- Regulators may be moving toward sending antitrust complaint
- Probe began two years ago with raids on BP, Shell and Statoil
Major oil companies including Royal Dutch Shell Plc and price publisher Platts were told by regulators to redact business secrets from documents obtained during antitrust raids in a sign the European Union may be moving ahead with a two-year-old probe, according to four people familiar with the investigation.
The redaction request could be a precursor to the European Commission sending a formal complaint, or statement of objections, to some of the firms, said the people who asked not to be named because the investigation into fuel-benchmark rigging isn’t public.
“Typically, the commission makes confidentiality requests when it has a statement of objections in the pipeline,” said Nicolas Petit, an antitrust law professor at the University of Liege in Belgium.
Amid a climate of distrust toward global price benchmarks, EU antitrust officials turned their attention to market data for crude oil and biofuels in May 2013. They raided Shell, Statoil ASA and Abengoa SA alongside BP Plc and Platts, warning of “huge” damage to consumers if manipulation was confirmed. Since then, the probe has continued in virtual silence, as investigators turned their public attention to banks ensnared in Libor-manipulation cases and the likes of Google Inc. and Gazprom PJSC.
Dated Brent, Ethanol
Regulators sent the confidentiality request to companies including Shell, Platts and Statoil over the summer, the people said. The EU must share all evidence collected in a case with any company that gets a formal complaint -- which is usually a precursor to antitrust fines.
But first, the file must be redacted to avoid giving away business secrets to competitors. If a company gets such a request, it doesn’t necessarily mean it will be targeted by an antitrust complaint.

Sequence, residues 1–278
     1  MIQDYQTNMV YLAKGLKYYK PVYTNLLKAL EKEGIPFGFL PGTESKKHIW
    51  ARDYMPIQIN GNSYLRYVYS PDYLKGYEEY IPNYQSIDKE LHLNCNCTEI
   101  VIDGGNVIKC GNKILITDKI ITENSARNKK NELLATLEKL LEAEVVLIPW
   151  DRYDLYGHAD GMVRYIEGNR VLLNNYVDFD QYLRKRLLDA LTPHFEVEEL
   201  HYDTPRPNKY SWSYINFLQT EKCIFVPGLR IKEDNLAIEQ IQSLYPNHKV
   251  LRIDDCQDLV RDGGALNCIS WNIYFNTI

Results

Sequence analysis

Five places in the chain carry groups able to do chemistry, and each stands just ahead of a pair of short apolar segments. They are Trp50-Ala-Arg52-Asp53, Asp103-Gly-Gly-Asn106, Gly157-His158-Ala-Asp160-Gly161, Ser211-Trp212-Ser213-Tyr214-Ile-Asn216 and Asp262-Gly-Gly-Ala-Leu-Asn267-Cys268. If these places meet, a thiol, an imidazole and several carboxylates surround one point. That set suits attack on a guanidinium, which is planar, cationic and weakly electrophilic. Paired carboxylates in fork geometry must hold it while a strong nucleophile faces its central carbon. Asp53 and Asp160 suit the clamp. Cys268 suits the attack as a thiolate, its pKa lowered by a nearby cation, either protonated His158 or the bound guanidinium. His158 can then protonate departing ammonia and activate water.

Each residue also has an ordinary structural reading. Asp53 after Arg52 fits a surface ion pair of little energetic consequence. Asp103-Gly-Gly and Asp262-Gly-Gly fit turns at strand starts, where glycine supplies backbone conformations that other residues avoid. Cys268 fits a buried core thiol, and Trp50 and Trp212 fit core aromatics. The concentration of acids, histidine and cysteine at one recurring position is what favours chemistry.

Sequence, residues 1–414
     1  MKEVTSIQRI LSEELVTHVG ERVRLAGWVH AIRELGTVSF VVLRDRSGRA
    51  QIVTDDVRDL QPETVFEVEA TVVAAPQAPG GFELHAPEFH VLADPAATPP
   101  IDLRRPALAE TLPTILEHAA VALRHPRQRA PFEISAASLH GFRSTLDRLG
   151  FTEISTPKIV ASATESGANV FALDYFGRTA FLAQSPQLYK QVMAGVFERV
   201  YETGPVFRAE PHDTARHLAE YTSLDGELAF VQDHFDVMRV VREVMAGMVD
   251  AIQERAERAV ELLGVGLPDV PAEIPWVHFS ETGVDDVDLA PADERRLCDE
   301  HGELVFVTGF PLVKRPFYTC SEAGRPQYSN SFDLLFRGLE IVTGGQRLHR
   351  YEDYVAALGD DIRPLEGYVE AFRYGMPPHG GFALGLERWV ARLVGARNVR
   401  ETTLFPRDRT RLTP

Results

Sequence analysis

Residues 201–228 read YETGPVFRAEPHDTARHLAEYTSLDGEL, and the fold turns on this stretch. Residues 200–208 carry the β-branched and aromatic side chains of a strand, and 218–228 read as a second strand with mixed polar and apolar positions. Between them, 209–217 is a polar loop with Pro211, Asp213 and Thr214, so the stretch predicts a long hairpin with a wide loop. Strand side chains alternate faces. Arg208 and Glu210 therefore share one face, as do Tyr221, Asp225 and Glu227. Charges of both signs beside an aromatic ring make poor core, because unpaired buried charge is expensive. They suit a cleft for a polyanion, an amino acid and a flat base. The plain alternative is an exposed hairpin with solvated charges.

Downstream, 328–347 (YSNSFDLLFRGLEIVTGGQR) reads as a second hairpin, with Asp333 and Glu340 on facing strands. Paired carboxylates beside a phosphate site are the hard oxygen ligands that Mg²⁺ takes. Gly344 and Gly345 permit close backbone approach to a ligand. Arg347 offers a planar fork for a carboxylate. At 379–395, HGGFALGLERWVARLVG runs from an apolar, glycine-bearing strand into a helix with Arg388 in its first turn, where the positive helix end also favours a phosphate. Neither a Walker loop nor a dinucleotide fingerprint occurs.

Initially, the EU was only examining the possible manipulation of Platts benchmarks. The case centered on the price reporting agency’s assessment of Dated Brent and ethanol, two of the people said.
While the removal of business secrets is a signal that the benchmarks probe is moving ahead, it’s not clear what the focus of any statement of objections would be, said the people.
Alternatively, Petit said EU officials may be planning to share documents with plaintiffs or industry participants to get feedback that could bolster its case.
A Shell spokesman said in an e-mail the company has fully cooperated with the investigation and didn’t have any additional comments.
BP, Abengoa and the commission in Brussels all declined to comment. Statoil representatives weren’t immediately able to comment.
Platts “has not been charged with any wrongdoing and we will continue to cooperate” with the commission, spokeswoman Kathleen Tanzy said in an e-mailed statement. Platts “cannot comment on any specific interactions” with the regulator, she said.
In its high-profile case involving Google, the blacking out of business secrets in case documents was followed weeks after with a formal antitrust complaint against the search-engine company. In that case, complainants were asked to declassify some of their documents.
When they get a statement of objections laying out the case against them, companies are allowed to immediately request access to the EU’s file. Sifting through evidence allows them to see what’s in the regulator’s hand and prepare their reply before the commission comes to a final decision.
Platts, which is a unit of New York-based McGraw Hill Financial Inc., has assessed prices for crude oil, petroleum products and related swaps using its so-called market on close process since 2002 in Europe. To participate, traders voluntarily report some of their bids, offers and trades to Platts’s defined window period each day, which are then used to create end-of-day price assessments for various commodities.